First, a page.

EDEN. – This word, in the Hebrew tongue, signifies something particularly pleasant and delightful – a very appropriate name for the “garden of the Lord.” The majority of Christians believe Eden to have been in Persia, on the Eastern Hemisphere; though the best authorities admit that there is no resemblance between that place, at the present time, and the spot described in the bible. The latter-day Saints possess more certain knowledge on the subject, the Lord having revealed to Joseph Smith the exact location of the altar upon which Adam offered sacrifices after he had been expelled from the Garden of Eden. The ruins of the altar are till standing, at the place called Spring Hill, in Missouri; but the Lord has named that place Adam-ondi-Ahman. See Doc. and Cov., Sec. 116, and The Contributor, Vol. 7, p. 314.

THE FALL. – It is not proper for us to blame our first parents for their act of seeming disobedience. God alone can be their Judge. Adam certainly knew what he was about. (See I Timothy 2: 14.) “Adam was not deceived; but the woman being deceived was in transgression.” (Read carefully II Nephi 2: 22-25.) The fall of Adam was not mere chance; it was according to Divine will that men should have the opportunity of choosing between good and evil. Christ, we learn, was ordained, before the world was made, to be a sacrifice for sin. By the fall man gained the knowledge of good and evil.

What We May Learn from This Lesson.

1. That it was Satan, the enemy of God and of man, who first tempted Eve. 2. That by eating of the forbidden fruit Adam and Eve became conscious good and evil. 3. That Adam was not deceived in what he did; knowing well that the Lord desired himself and Eve to remain together. 4. That Adam and Eve knew that they had done wrong, and sought to hide themselves from the Lord. 5. That the Lord cursed the serpent, and implanted hatred between that creature and man. 6. That Adam and Eve were punished for their transgression. 7. That the Lord would not permit them to partake of the Tree of Life. 8. That Eden was on this continent, probably near Adam-ondi-Ahman, in Missouri.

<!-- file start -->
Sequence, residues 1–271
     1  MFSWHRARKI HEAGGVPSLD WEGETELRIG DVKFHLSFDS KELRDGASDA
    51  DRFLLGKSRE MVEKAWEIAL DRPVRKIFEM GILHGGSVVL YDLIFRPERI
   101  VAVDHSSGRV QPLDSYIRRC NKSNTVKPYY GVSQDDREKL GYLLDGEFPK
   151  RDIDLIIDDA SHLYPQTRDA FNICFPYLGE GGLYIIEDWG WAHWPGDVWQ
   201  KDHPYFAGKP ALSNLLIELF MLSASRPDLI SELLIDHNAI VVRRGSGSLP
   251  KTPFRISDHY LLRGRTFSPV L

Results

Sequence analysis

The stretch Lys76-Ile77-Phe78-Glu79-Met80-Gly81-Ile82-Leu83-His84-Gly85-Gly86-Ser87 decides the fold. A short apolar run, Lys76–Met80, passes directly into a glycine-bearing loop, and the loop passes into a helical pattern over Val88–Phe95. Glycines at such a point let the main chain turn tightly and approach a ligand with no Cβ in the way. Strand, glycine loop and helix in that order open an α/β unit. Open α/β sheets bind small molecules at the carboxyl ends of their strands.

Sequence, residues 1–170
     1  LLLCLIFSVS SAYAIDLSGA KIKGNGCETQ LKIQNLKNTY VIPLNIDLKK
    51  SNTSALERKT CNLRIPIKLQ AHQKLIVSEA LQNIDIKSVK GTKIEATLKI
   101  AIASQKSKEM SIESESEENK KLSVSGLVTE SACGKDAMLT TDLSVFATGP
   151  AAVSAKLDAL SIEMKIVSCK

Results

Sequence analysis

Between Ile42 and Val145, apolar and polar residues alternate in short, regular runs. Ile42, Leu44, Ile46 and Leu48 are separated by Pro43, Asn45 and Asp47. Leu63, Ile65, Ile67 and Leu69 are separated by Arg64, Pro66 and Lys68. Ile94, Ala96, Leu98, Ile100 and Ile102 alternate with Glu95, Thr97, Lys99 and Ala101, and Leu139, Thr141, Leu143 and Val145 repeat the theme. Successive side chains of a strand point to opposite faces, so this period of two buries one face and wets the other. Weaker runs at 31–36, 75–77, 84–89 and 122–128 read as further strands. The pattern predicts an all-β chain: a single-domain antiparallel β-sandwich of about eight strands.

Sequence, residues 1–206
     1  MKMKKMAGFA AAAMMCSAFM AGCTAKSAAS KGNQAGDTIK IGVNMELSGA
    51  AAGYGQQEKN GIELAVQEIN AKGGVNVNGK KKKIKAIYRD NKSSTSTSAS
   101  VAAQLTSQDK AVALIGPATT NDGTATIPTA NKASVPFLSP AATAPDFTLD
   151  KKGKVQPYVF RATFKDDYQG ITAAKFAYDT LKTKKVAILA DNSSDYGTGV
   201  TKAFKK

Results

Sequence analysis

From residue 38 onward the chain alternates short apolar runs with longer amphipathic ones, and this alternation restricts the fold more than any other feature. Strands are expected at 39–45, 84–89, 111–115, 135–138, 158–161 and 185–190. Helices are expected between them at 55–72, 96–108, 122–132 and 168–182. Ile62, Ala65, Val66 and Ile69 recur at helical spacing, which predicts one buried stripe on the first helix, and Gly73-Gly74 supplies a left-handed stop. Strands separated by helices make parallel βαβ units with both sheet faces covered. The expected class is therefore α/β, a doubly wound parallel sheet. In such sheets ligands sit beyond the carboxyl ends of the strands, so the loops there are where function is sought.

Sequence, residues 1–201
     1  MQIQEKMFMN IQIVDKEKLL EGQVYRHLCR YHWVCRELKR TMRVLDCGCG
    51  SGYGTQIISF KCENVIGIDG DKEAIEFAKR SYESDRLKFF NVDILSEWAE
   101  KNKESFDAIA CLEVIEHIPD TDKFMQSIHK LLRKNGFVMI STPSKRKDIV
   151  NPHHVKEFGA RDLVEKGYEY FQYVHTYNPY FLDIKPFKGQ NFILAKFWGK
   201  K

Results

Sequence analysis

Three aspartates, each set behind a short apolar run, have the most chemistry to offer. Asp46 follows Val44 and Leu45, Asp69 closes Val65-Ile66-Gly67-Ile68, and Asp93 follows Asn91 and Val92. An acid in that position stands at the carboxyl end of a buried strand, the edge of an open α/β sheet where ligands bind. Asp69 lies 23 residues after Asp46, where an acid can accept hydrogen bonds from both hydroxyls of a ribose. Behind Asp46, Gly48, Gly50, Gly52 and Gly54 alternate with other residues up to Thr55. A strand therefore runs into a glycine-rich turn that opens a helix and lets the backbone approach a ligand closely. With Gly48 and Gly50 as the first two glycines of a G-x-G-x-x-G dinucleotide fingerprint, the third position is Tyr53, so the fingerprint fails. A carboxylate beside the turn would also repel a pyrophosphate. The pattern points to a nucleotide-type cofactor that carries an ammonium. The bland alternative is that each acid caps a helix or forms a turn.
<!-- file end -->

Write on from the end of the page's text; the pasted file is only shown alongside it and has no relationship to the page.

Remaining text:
Questions on the Lesson.

1. Where were Adam and Eve first placed to live? 2. Of what were they cautioned against eating? 3. What was the penalty for disobedience? 4. Who ate of the forbidden fruit first? 5. Why did Eve do so? 6. Why did Adam then eat also? 7. Who came into the garden toward the evening of that day? 8. What did Adam and Eve do when they heard the voice of the Lord? 9. What did the Lord say? 10. How did He curse the serpent? 11. What did he say to Eve? 12. What to Adam? 13. Where did Adam and Eve then go? 14. who was placed in the garden after they had left? 15. For what purpose? 16. How do you know that the Lord intended that death should come into the world? 17. Where do we suppose the Garden of Eden was?



5 Comments »

  1. Adam’s altar is still standing in Missouri? I’ve heard that Eden was there, but I have never heard the claim that the original altar was still there. I would think that Noah’s flood, the earthquakes of Christ’s crucifiction, and various other elements of nature and man over the past 6,000 would destroy something like that.

    Comment by kew — January 17, 2010 @ 2:41 pm

  2. I will teach this next week. I’m looking forward to it.

    As for the altar, the Lord revealed the site, but the stone structures Abraham O. Smoot claimed to have found there were most likely of later construction.

    At any rate, the urban legends I hear say that so many relic hunters have taken stones from the stone structures, that they are no longer visible above ground.

    Comment by Bruce Crow — January 17, 2010 @ 7:12 pm

  3. When we toured Adam-ondi-Ahman (my family lived in Jackson county in 1973-75), a local man told us his elders’ quorum had a regular service project to “replenish” the stones that tourists kept carting away.

    Comment by Ardis E. Parshall — January 17, 2010 @ 7:34 pm

  4. Oh wow! That is funny!

    Comment by Bruce Crow — January 17, 2010 @ 7:52 pm

  5. I have a quote at home by John Widstoe, about the stones in the altar at Adam-ondi-Ahman. Responding to someone who was talking arguing for “no death before the fall”, Elder Widstoe remarked that he had examined one of the stones from the altar, and noticed that on close examination, that there were tiny fossils in the rocks, so obviously something had died a very long time before Adam built his altar. I think he was trying to make a point both about the age of the earth, and about the stone altars at Adam-ondi-Ahman. Love the bit about replenishing the stones for the altar. (scratches head in apparent bemusement)!

    Comment by kevinf — January 18, 2010 @ 11:09 am